the Little Red Reviewer

Posts Tagged ‘snark

Rogue Protocol (Murderbot Diaries) by Martha Wells

published 2018

where I got it: purchased new

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Murderbot needs to stop hanging out with humans.  You hang out with humans too much, and they start to rub off on you, and you start to think that maybe not all humans are awful, that maybe it is possible for a bot to be treated kindly.  You start getting spoiled, you start getting used to sleeping on soft beds and having access to niceties.

 

You hang out with humans long enough, and even their gross feelings and emotions start to rub off on you. Feelings like  anger. Loyalty. Envy.

 

Plot-wise, Rogue Protocol doesn’t offer much we haven’t seen before.  Murderbot is going somewhere to get more information about GrayCris, and will have to pass as human (or at least pass as anything other than a SecUnit) to be successful, all while keeping dumb humans from getting killed by their own stupidity. There is interaction with another bot, whereby Murderbot learns that not all bots have the same experience with humans, and not all humans are awful.  I didn’t feel the connection with the characters as much in this book as I did in previous installments, making Rogue Protocol feel like it suffered from “middle book syndrome”.

 

When I say that so far this is my least favorite Murderbot book, what I’m saying is that Rogue Protocol is better than 75% of the books I’ve read this year. And the way this book ends? I know I am in for some spectacular Murderbot-ness in the next installment!

 

I appreciated that Murderbot has no idea how to feel about Miki, the other bot.  Miki is privileged, and maybe a little spoiled by her humans. Should Murderbot feel envy? Miki also isn’t very smart, her programming isn’t very complicated. Should Murderbot feel pity? She’s too dumb to really understand what’s happening (although she has got the 3 laws of robotics down pat), so maybe ignorance is bliss.  Her programming keeps her rather childlike, almost the way you and I keep our pet cats and dogs in a state of permanent pre-adolescence so they can stay tame, cute, and domesticated. Hmmm… maybe that’s the trick to humans treating their bots with kindness – in your mind, the bot is a pet cat. Some cats are very smart, but I’ve known some pretty dumb indoor cats who would have died without a human to care for them and protect them.  There are plenty of dogs out there with jobs, but also plenty of really cute and dumb dogs.  it’s surprisingly easy to keep a pet cat dumb, or pet dog dumb.

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Borderline, by Mishell Baker

Published in 2016

Where I got it: It was a freebie at an event I attended (free book? SCORE!)

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You know the TV show Torchwood? Imagine if it was urban fantasy:  swap the aliens for fey creatures, swap the alien technology for magic, swap Cardiff for Hollywood, and double up on the snark and you’re on your way to having something a little like Mishel Baker’s Borderline.  I’ve got a weakness for snarky novels written in first person, so I was hooked on Borderline about 20 pages in.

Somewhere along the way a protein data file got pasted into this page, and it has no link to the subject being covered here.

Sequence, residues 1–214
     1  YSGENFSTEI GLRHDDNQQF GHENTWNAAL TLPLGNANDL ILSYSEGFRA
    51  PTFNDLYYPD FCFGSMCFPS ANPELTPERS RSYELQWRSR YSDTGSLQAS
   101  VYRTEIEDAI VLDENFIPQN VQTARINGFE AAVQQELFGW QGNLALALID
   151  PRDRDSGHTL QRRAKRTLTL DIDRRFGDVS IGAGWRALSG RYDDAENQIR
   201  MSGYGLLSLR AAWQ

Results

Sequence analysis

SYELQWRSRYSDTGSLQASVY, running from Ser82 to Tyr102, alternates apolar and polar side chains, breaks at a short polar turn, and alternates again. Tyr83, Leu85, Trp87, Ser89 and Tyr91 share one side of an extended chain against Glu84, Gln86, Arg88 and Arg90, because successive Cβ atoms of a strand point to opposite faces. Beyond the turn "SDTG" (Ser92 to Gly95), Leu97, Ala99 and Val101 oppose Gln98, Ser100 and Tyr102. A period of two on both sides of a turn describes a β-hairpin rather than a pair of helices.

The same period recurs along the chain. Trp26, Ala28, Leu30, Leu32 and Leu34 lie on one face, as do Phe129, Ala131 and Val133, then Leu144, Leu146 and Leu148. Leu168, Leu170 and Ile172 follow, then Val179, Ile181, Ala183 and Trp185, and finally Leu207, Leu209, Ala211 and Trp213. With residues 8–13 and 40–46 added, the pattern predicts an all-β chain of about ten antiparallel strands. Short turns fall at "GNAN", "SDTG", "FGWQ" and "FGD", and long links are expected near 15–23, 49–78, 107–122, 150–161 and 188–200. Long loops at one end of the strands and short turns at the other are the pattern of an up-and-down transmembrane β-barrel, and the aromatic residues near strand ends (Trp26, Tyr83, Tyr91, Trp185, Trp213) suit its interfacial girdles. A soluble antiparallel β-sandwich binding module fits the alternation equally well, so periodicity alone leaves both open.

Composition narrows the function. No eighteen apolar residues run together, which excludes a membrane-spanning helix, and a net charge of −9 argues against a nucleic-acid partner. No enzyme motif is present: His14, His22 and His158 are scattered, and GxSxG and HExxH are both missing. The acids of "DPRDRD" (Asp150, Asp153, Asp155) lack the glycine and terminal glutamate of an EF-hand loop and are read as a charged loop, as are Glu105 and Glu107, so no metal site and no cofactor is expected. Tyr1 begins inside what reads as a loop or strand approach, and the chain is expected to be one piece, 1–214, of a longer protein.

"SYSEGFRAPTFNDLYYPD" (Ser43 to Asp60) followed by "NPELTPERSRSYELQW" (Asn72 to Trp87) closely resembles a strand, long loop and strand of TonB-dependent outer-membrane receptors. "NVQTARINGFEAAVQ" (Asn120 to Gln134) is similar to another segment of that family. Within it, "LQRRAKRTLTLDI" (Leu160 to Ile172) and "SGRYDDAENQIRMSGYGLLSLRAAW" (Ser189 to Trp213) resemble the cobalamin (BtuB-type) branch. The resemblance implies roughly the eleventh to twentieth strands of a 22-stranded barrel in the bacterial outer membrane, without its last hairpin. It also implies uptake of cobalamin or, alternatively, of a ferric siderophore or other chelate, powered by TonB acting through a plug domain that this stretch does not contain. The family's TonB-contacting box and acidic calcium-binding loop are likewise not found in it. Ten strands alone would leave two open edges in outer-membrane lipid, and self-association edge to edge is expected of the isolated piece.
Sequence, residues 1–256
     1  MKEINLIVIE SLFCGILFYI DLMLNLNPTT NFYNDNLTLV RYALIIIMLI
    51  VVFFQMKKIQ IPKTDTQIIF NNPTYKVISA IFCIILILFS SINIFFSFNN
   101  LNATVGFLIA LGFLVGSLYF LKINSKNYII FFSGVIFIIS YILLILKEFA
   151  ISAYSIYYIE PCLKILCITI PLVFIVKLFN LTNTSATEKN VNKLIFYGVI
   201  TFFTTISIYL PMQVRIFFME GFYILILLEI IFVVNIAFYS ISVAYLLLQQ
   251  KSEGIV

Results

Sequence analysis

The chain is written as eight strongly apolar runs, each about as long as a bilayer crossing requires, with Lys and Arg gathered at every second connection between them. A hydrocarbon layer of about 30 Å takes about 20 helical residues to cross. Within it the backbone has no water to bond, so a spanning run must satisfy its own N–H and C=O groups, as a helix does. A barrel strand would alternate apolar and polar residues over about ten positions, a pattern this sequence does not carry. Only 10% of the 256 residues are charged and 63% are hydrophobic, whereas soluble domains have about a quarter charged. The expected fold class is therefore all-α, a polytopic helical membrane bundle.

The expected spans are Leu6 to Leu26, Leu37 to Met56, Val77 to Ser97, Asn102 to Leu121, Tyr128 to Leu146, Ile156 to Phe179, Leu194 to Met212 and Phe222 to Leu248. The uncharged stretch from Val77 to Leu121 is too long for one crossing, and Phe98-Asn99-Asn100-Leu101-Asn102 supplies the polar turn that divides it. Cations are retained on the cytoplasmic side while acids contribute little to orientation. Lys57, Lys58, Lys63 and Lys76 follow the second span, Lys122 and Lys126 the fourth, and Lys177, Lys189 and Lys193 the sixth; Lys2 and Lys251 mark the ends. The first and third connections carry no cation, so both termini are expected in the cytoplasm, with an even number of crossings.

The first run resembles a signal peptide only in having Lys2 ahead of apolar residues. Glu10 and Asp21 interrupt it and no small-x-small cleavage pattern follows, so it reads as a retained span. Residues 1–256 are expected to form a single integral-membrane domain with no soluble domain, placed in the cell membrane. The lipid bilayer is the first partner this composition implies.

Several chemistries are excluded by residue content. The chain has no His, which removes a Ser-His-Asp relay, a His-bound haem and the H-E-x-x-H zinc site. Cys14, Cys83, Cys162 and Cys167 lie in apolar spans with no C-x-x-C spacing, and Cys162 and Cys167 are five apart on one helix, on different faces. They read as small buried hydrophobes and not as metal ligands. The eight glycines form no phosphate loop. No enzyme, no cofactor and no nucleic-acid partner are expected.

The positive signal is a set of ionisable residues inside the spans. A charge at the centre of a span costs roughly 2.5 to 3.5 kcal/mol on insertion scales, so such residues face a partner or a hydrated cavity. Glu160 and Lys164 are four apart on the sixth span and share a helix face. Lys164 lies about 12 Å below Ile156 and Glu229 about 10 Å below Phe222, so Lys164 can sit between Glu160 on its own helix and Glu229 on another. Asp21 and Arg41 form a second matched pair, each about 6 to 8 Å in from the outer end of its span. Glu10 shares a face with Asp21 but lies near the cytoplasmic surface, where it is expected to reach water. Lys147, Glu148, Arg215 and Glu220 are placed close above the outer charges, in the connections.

Millie hasn’t got much going on these days.  Her stay at a psychiatric center is paid up for another six months, and she’s gotten pretty used to her prosthetic legs.  When a strange beautiful woman waltzes in and offers her a job, Millie says yes out of a combination of boredom and curiosity.

 

Upon arrival at what is known as Residence Four, Millie learns the first rule is “don’t ask”.  Everyone here has some kind of medical, physical, metaphysical, or mental health condition, and it is and disrespectful and rude to assume, presume, or make light of someone’s predicament.  You wait until someone feels comfortable enough with you to tell you about their personal life. And if they never feel comfortable enough? Well, that’s your problem, not theirs. Oh, and all these people work for a group that helps control the traffic between our world and the Fey world by ensuring Fey glamours are functioning, and that only authorized Fey are here on Earth and that there is no violence between the two groups. Part of the pact is that if we harm any Fey, they will slaughter us. Hmm… so I guess a little more like Men in Black than Torchwood? Also, how come no one will tell Millie who Elliott is?

 

Millie brought a lot more than her physical baggage to Residence Four.  She has Borderline Personality Disorder, she’s still working through the events that led to her failed attempt at suicide, she’s still getting used to her scarred and battered body that doesn’t look like how she feels, and now that she’s free of both film school and a psychiatric center she’s also interested in some end result based flirting.  None of which jives with the ad hoc family at Residence Four, so things are pretty awkward for her right from the get go. Through her first person perspective, we get a lot of “because of my Borderline Personality Disorder, I often . . . “, giving me just enough information to be really dangerous. I do some of those things, sometimes. Does that mean I have BPD?

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some of the books reviewed here were free ARCs supplied by publishers/authors/other groups. Some of the books here I got from the library. the rest I *gasp!* actually paid for. I'll do my best to let you know what's what.
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